Wednesday, May 19, 2010

The Big M

You don't have to tell me.  I know I've been looking a little peaked lately.  The bags under my eyes have grown significantly larger and more obvious.  The crow's feet have grown into dinosaur footprints.  And the two lines on my forehead between my eyes - the ones my yoga teacher tried to convince me represented my wisdom - well, honey, I must be one of the smartest people in Texas, 'cause they are now cavernous folds.

I am sure that part of it is due to the box I now have to check at the doctor's office, the 35-40 box, representing the downhill age slope I am on, my uncooperative body barrelling without permission toward that big birthday everyone tells me is "the new 20" but I don't believe them.  In neonatal nursing, I'm not kidding about this, one of the diagnosis criteria that puts a baby at risk for problems is when the mother is "AMA", or Advanced Maternal Age.  I now realize why there are so many warnings attached to the AMA label:  I actually groan now when I get up off the floor after playing with the kids. 

Some of it is likely due to the jolt my body got after going from thirty-sumpin' years of ten hours of sleep a night and napping at leisure to now having to set my alarm to get up before my kids at an hour only college students and Starbucks employees are awake so I can run, check email, clean the house, and spend time with my Lord in some peace and stinkin' quiet, thank you very much.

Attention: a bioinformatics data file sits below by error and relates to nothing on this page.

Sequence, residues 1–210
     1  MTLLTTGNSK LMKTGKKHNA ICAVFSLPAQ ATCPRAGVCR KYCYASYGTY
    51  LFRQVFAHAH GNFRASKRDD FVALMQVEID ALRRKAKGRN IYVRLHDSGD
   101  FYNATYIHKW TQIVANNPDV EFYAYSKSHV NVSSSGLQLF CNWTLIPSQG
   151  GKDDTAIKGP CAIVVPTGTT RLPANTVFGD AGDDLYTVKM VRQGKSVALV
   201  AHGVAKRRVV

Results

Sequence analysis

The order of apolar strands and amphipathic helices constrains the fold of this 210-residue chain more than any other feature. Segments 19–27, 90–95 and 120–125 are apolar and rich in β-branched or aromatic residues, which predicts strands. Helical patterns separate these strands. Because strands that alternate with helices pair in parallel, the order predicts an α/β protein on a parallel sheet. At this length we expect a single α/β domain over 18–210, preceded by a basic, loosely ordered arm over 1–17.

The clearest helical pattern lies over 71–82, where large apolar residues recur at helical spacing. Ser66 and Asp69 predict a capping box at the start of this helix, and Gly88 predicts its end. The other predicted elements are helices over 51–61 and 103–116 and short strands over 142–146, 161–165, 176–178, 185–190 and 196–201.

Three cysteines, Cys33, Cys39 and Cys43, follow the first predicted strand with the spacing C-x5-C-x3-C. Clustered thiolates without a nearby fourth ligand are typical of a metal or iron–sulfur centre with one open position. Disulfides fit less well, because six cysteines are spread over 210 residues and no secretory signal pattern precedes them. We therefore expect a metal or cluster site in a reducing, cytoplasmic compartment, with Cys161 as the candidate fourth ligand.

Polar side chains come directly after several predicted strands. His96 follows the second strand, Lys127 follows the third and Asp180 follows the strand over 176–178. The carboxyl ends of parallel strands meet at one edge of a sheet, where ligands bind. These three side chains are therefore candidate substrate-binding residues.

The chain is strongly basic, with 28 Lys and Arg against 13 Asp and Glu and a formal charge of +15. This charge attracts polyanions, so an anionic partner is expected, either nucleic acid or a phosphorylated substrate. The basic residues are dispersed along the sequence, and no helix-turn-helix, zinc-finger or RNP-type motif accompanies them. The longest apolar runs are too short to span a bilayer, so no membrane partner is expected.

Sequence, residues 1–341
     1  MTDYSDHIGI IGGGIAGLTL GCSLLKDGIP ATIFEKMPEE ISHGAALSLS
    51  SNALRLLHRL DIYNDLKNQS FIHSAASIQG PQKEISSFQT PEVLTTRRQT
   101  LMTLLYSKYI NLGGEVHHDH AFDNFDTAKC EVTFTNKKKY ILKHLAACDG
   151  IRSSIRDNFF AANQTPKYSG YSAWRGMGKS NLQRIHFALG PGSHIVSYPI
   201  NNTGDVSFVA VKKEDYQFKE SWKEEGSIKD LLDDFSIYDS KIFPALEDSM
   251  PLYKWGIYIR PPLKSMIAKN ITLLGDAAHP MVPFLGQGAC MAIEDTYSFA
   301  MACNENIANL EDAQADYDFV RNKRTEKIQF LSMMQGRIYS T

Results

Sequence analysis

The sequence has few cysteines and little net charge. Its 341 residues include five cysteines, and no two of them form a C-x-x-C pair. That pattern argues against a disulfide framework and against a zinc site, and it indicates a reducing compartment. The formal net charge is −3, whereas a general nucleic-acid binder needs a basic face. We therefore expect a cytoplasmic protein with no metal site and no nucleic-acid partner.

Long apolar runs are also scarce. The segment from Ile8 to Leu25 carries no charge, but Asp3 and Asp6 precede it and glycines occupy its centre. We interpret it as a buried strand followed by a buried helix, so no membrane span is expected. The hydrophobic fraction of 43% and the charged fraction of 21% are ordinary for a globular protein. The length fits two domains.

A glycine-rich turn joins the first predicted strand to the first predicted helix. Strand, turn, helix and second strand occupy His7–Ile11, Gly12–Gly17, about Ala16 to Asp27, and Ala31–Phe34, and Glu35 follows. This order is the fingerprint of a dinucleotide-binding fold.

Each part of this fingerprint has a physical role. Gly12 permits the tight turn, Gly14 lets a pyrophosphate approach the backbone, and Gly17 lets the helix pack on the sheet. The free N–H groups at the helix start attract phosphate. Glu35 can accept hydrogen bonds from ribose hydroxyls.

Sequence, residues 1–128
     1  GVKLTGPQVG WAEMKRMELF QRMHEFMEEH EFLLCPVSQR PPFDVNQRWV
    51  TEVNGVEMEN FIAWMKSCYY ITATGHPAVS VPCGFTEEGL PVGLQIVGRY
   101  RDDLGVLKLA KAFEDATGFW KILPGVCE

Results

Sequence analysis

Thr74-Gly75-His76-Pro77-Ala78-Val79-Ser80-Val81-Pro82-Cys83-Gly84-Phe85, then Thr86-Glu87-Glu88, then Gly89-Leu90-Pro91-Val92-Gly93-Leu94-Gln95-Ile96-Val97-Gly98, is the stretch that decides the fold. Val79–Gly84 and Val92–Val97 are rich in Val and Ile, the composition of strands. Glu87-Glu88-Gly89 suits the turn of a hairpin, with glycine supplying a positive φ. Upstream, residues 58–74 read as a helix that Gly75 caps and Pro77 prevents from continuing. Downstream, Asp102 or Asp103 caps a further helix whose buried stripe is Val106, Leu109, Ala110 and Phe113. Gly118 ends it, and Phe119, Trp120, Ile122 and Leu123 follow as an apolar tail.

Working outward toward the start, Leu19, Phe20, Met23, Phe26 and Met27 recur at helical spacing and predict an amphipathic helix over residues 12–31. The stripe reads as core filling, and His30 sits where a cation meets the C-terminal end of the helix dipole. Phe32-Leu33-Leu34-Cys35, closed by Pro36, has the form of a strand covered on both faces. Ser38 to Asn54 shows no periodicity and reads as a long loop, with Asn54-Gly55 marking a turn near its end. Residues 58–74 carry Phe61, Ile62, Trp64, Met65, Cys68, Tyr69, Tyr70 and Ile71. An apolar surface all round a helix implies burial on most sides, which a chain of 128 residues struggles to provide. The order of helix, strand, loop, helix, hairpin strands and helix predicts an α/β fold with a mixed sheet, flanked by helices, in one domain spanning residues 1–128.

Yeah, I get it.  I'm tired.  I look tired.  I feel tired.  I'm TARD. 

The other day, I was shopping for some Mother's Day gifts with Caroline.  We were zipping through Neiman's (really, I was just cutting through to get to the other stores, I swear).  It was one of those Pop In/Grab Something/Pop Back Out kind of shopping trips - not the kind I like at all, I like to browse -but Caroline was having none of it.  She was hollering at the top of her lungs.  I don't know if you have ever spent any time in  Neiman Marcus, but let me tell you, it's not the type of place that has a lot of screaming, hollering children.  It's more of the hushed tones kind of store -- sshhh... keep your voice down... you mustn't upset the couture.  Seven-month-olds, I have since learned, don't really care much about couture.  Or the angry stares of the well-adorned women trying to procure the couture.  I was so mortified and so exhausted by that time, I just wanted to lay down and take a big ol' nap.  As it was, I was trying unsuccessfully to maneuver my stroller through the serenity that is Neiman's as carefully and as discreetly as is possible with a very vocal child as its passenger, when out of nowhere this wonderful woman appeared and offered me... nectar of the gods.  "Honey.  You look like you could use some champagne", the angel of mercy whispered knowingly.